“They don’t want a straight-out-ofthe- box approach to anything, including their finances,” says Bernard Tynes, vice president, retail strategy and distribution for Penn Community Bank. “Millennials want customized advice that fits their stage of life. It’s all about walking with them throughout their journey and empowering them to make the financial choices that are best for them.”

Tynes is just one young professional helping to bring a fresh perspective to Penn Community Bank, Bucks County’s leading, independent mutual financial institution. Others include Nicole Boytin, vice president, commercial lending; Sara Friedman, market manager, Quakertown and Milford; Kirsten Palmieri, assistant vice president, human resources; and Natalie Taptykoff, senior marketing specialist. Together with their colleagues, these young adults are working to make banking easier and more convenient—changes that benefit customers of all ages.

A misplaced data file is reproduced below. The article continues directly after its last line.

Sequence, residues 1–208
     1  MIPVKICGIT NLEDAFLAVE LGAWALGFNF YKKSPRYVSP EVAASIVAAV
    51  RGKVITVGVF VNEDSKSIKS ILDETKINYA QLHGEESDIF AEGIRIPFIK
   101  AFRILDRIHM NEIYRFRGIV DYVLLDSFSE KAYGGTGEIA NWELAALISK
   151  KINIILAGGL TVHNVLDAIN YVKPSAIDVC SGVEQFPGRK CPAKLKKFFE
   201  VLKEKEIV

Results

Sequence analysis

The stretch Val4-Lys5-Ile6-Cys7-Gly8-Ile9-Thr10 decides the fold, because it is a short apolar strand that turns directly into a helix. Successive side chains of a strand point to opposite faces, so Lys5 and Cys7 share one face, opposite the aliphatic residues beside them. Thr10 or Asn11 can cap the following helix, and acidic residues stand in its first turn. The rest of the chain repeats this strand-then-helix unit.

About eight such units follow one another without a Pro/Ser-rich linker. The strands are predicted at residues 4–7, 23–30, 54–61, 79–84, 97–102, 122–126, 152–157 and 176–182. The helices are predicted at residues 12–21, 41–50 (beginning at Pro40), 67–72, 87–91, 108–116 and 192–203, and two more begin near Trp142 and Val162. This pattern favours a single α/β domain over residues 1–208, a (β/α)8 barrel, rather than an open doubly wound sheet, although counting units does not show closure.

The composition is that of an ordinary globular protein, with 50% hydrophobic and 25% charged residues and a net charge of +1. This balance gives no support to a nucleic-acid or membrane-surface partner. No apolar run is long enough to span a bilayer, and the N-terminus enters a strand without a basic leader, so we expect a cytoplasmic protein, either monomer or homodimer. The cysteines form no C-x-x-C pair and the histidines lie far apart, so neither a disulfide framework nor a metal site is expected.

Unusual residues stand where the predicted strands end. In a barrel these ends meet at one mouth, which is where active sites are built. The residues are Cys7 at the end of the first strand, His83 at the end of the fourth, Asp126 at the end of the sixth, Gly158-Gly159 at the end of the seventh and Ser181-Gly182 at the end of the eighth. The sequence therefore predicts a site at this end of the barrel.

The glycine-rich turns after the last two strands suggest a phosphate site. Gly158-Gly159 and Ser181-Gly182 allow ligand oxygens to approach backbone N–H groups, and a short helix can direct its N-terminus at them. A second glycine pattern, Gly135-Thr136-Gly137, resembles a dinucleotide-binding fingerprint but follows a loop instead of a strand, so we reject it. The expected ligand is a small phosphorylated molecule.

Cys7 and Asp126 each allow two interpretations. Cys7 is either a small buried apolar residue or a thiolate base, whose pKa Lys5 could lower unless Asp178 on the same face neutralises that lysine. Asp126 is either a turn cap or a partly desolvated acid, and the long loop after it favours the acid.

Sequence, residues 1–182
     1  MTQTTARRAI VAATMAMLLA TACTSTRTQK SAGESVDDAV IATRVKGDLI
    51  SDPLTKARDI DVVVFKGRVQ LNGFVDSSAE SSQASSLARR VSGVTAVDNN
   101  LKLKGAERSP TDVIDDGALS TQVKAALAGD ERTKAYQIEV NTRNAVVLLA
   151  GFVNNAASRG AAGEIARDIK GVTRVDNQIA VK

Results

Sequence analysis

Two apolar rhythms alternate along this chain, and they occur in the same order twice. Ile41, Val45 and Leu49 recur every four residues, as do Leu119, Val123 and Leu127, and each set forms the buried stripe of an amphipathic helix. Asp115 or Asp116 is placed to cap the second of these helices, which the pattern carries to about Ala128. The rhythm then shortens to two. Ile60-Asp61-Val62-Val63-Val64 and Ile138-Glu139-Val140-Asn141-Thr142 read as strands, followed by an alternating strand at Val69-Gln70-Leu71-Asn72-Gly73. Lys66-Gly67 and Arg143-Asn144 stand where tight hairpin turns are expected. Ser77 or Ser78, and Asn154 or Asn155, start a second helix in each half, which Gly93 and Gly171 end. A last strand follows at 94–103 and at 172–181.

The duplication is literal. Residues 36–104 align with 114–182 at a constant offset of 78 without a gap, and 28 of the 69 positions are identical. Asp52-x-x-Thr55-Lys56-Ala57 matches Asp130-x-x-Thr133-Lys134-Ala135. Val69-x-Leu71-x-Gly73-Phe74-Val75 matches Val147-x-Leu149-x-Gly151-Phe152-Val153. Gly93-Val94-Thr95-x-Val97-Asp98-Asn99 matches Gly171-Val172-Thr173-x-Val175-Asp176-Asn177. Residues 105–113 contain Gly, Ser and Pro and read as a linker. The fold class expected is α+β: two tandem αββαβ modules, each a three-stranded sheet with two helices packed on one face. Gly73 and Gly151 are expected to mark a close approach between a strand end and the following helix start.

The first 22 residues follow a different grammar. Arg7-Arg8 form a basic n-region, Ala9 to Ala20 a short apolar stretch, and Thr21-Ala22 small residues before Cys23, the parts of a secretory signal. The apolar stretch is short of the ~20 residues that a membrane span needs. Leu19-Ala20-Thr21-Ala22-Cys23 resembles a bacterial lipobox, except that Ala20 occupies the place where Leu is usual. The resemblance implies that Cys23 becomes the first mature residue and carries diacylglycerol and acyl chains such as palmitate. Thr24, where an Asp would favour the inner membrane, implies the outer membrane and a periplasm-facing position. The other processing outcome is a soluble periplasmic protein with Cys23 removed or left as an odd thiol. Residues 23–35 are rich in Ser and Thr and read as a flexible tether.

“We’ve made a number of recommendations in recent years that have come to fruition, and it’s been really gratifying to see the results,” says Palmieri. “A lot of the new programs and services that Penn Community Bank has implemented ended up benefitting people of every generation.”

Giving Millennials a Seat at the Table
That was precisely what Penn Community Bank President and CEO Jeane Vidoni Coyle was aiming for when she and the bank’s executives charged their team with recruiting and retaining talent from the millennial generation.

“We want to attract the most talented young professionals from across the Philadelphia region,” says Coyle. “We know that we need to harness the ideas and insight of young adults on our team in order to be able to offer the financial products, services and advice that our young adult customers want now, and into the future.”